So, last week was a power one for me, mainly because of the completely overwhelming response I got from friends and strangers to Drive With Me. Powerful too was that I was, without too much effort, able to get three little full houses to see my show. Compared to Grahamstown this was a real success, and on a deeply personal level I was able to bury the disaster that the festival was, and rebirth Drive With Me into recognition, being visible and appreciated. I definitely feel more hopeful, proud, encouraged and fulfilled after a magnificent short time at Alexander Bar.
But this triggered another really big deeply personal realisation about me and what I do. And it has to do with this blog. My initial inspiration and motivation (back in 2007, can you believe?) was to write review style posts about the theatre I saw. I was immediately controversial, and this also meant readable. Every time I wrote a review post my readership spiked, people left comments, I was agreed with, passionately disagreed with, fought with and I was even part of a theatre scandal that took me ages to recover from as well as a recipient of a deeply personal dressing down by a friend, for something that I unintentionally did to hurt her. In all this I continued writing about theatre, and defending my position, but I didn’t make the connection, even though I was warned about how inappropriate it was for me to ‘piss where I slept’. People loved reading what I had to say about other theatre, but didn’t want to see the theatre I would make. I was the person people loved to hate. It crept up on me, getting worse and worse every time I tried to rustle up an audience for something I was involved in. My tragic experience in Grahamstown brought all of this into sharp focus, and while there is no doubt I was paranoid, desperate and most invisible, I also felt like I wasn’t doing myself any favours by writing about theatre at the same time as making it. IÂ could manage the contradiction but people in the industry couldn’t, and made it known by actively not supporting me.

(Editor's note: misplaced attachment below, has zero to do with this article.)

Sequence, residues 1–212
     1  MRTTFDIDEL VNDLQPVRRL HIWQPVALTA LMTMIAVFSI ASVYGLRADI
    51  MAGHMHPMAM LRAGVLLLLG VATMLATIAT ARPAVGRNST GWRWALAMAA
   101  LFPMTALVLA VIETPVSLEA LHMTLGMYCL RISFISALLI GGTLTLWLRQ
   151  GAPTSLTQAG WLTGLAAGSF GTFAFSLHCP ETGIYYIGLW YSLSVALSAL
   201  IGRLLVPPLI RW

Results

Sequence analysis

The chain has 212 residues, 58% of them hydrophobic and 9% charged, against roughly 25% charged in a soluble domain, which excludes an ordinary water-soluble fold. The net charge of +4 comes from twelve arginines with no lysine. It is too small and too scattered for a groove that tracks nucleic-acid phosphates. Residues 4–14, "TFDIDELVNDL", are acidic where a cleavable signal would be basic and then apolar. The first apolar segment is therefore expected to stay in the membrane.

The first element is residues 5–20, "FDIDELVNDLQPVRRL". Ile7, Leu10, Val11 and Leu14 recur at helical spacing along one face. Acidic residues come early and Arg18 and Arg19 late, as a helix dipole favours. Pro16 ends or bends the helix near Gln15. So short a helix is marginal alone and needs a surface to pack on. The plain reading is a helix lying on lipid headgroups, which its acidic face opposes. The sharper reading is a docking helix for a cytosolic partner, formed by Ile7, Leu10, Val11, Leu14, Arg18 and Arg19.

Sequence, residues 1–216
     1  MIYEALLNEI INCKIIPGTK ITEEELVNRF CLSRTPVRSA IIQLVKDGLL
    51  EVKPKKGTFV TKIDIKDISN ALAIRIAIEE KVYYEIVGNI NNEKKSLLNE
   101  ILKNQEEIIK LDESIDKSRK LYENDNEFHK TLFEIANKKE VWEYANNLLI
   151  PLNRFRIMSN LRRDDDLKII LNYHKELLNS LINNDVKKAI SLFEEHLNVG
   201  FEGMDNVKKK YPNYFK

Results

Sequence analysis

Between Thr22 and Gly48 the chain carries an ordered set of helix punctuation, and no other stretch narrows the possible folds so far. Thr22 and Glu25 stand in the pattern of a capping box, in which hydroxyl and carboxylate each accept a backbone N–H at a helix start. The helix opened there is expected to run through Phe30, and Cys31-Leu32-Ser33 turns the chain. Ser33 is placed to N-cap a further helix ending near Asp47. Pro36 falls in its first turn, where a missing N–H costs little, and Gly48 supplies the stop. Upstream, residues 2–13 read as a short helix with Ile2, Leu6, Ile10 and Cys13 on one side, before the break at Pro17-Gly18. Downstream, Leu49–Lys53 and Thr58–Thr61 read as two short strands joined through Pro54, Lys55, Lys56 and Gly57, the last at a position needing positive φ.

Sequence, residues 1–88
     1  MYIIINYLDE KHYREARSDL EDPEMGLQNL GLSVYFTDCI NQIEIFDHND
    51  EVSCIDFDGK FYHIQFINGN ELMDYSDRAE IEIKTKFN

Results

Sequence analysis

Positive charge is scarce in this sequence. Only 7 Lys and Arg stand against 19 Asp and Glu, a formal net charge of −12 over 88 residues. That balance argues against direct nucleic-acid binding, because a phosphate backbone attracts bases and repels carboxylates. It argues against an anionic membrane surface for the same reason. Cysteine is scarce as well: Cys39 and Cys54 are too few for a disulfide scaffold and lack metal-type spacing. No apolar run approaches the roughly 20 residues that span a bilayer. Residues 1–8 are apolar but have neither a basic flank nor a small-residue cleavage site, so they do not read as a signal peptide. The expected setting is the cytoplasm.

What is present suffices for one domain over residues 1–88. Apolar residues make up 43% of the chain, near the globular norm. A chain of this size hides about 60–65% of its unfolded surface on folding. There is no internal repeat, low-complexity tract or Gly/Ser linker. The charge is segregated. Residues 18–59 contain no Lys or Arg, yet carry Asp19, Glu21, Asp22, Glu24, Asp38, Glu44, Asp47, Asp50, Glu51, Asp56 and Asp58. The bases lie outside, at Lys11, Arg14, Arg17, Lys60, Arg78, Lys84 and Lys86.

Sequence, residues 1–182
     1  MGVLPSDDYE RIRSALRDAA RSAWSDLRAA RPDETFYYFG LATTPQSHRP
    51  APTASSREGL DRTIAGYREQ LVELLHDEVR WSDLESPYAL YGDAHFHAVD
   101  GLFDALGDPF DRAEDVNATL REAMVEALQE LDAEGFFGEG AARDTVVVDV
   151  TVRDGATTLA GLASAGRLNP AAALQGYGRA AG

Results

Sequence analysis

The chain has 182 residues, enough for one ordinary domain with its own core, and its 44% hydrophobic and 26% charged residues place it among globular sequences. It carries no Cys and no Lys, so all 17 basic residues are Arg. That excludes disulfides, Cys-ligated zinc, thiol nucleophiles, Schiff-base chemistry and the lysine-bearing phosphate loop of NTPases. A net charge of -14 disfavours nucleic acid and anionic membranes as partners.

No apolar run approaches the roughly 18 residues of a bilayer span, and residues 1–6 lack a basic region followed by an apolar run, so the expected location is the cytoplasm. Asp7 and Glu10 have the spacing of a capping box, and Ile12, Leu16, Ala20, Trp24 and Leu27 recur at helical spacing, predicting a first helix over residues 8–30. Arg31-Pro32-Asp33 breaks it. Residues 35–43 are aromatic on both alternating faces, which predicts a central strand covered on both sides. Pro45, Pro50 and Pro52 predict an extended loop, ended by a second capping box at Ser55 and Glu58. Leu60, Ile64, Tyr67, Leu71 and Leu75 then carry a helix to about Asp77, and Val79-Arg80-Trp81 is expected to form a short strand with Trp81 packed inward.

It was very hard to decide to stop writing about other people’s work, and I had to wean myself off it. At first I couldn’t resist writing about stuff that I loved, convinced I would be able to help it get an audience.I decided that I wouldÂ onlyÂ write about things I loved, but of course it was obvious then what I didn’t love, by the absence of writing. I also had to take responsibility for being on a few opening night invitation lists. I was being invitedÂ as ifÂ I were a critic. I was much more valuable as part of a publicity campaign for others, than as a producer of my own work. Eina. A hard lesson.
And now the challenge has been to reestablish myself as a player. I write, perform, direct and make theatre. I won’t write about other people’s theatre any more. I am sorry it has taken me so long to get to this place, but I am suddenly so much more at ease. I will heartily recommend stuff I enjoy, and I will also write about my thoughts and experiences of the industry in general. And, so, it is time to get your honest response, reader. What doÂ youÂ think?